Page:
Last week I went to the doctor with Marion. His appointment was at 1:30 p.m. in Kansas City, which is about an hour's drive from my house. He knocked on my back door at 9:05 a.m. Ordinarily, I'd be really cranky about that, but given the circumstances I thought it best to remain positive. After all, Marion is going through life with 30% less fingers and he's still happy.
"Wanna see it?" he asked brightly, and whipped off his glove.
I tried to keep my expression neutral, and failed. "Oh, shit!" I said. "I mean, gosh, that doesn't look as bad as I thought it would."
He laughed. "Looks worse, doesn't it?" I was trying to think of a diplomatic answer to that question (yes, it really does look even worse than I expected) when he said, "Honestly, I'm kinda disappointed that you didn't faint at the sight of it and end up on the kitchen floor in your Hello Kitty pajamas again." (That's a reference to the accident in which I broke my collarbone, and I really was wearing HK jammies. I suspect I will never live that down.)
Then I put on some decent clothes and we walked all around my house, inside and out, and planned out everything we hope to accomplish on it this year. After that we tromped around an abandoned house that sits on the river bluff and pretended we had enough money to buy it and fix it up, then we ate lunch, and then we went to the doctor.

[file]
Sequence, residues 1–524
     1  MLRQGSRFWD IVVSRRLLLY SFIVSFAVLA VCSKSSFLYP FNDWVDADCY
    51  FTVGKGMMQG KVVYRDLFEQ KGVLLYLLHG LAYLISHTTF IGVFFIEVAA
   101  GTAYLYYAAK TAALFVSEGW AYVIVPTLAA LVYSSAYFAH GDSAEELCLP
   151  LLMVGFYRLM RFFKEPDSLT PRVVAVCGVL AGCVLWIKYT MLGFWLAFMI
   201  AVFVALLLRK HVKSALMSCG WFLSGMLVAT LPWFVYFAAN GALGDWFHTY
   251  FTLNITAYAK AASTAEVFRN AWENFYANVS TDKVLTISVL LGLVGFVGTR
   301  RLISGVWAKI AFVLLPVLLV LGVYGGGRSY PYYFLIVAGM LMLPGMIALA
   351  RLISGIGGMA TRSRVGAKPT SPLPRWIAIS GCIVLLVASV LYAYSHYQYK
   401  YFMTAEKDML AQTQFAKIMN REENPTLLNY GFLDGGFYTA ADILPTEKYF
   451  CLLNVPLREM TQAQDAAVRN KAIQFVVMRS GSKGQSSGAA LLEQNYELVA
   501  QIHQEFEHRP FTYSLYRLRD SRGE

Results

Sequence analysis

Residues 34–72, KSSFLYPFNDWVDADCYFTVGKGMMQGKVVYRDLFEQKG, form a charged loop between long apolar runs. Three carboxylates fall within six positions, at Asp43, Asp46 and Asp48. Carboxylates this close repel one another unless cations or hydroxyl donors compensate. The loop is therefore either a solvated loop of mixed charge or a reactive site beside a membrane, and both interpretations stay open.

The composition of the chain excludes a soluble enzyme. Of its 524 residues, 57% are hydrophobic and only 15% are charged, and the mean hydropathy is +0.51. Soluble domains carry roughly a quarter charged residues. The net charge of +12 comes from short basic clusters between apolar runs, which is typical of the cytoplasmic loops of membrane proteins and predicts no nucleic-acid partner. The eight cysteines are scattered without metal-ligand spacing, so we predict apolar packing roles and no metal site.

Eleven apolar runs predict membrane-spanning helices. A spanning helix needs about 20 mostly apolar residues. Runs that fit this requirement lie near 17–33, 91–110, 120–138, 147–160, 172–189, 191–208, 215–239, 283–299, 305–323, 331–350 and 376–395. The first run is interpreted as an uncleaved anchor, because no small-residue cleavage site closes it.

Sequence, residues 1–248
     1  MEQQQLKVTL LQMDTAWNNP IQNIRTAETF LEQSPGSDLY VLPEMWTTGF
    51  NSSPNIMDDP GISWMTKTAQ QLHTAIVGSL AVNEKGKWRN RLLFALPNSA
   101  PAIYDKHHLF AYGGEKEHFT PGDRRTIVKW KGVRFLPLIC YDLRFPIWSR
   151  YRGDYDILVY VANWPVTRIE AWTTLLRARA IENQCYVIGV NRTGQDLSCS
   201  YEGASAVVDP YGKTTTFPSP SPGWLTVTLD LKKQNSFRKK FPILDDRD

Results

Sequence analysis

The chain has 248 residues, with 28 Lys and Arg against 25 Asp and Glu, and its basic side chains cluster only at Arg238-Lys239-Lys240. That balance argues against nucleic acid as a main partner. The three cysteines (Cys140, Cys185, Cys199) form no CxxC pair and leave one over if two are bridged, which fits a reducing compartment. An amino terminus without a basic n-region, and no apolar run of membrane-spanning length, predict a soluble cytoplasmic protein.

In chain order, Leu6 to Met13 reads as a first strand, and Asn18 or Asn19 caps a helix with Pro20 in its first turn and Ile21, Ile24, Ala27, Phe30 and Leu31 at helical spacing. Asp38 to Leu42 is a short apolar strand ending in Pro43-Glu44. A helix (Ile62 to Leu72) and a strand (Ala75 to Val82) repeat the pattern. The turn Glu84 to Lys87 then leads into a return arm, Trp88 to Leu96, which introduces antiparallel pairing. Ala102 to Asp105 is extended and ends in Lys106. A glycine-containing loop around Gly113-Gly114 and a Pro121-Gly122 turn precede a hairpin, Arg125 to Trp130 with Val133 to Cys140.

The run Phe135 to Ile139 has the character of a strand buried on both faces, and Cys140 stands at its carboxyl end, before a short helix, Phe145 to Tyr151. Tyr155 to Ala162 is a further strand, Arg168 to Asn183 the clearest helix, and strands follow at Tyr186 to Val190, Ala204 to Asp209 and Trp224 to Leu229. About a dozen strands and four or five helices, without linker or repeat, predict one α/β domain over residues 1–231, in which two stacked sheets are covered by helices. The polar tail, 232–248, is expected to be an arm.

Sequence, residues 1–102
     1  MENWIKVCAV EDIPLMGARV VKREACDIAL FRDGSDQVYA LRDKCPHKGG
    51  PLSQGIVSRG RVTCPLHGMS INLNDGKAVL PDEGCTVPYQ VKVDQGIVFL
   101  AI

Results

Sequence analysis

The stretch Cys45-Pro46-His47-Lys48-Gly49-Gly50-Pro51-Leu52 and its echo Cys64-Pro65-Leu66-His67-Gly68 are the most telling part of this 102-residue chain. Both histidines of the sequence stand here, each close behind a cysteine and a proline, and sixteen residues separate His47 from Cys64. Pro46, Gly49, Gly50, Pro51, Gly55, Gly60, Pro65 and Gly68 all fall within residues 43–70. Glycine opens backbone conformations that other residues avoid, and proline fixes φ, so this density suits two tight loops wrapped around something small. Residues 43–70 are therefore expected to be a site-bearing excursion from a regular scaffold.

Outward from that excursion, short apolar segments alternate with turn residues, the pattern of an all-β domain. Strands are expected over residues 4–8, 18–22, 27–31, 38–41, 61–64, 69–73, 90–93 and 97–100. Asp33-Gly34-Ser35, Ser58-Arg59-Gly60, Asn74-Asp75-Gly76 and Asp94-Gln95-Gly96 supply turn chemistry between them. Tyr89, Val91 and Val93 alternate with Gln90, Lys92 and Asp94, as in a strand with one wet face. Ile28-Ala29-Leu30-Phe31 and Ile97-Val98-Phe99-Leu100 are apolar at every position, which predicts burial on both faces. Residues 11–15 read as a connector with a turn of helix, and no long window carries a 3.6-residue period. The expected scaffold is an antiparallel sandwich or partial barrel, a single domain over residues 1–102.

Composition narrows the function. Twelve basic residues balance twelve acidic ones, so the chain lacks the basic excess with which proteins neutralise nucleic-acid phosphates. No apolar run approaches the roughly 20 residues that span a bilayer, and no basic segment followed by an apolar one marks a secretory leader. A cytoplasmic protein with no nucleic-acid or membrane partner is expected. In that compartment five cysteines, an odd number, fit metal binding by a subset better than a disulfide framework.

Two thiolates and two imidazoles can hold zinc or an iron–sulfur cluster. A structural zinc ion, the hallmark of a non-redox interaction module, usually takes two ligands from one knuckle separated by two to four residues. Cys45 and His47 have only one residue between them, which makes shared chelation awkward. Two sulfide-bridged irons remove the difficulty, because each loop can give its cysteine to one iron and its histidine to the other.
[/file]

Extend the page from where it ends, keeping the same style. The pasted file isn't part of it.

"Wanna go in with me?" Marion asked when we got there. I opted to sit in the waiting room instead, which turned out to be an excellent decision when fifteen minutes or so later he returned with a pained expression on his face and his right hand swathed in bandages.
"Remember when you were a little kid and your mom told you not to pick at scabs or it'd never heal? Well, she lied!" he said, standing there with his hand tucked inside his coat like Napoleon. "The doctor pulled every one of the scabs off my fingers and cleaned 'em all out."
All together now: ewwwww....
Marion has to go back to the doctor in a month. In the meantime, he's supposed to take antibiotics, flex his fingers, and do anything which doesn't cause him pain. On the way home, he told me that he thought we could sheetrock my bedroom ceiling in a couple of weeks. When I told him that I thought he might be pushing it and that he really ought to stop and think about that, he replied, "Between now and then I thought I'd work on making some tools that fit on the ends of my fingers. One of them could be a flat-head screwdriver, a Phillips-head, a magnet for nails and screws. When I get done, I'll have the Swiss Army knife of hands!"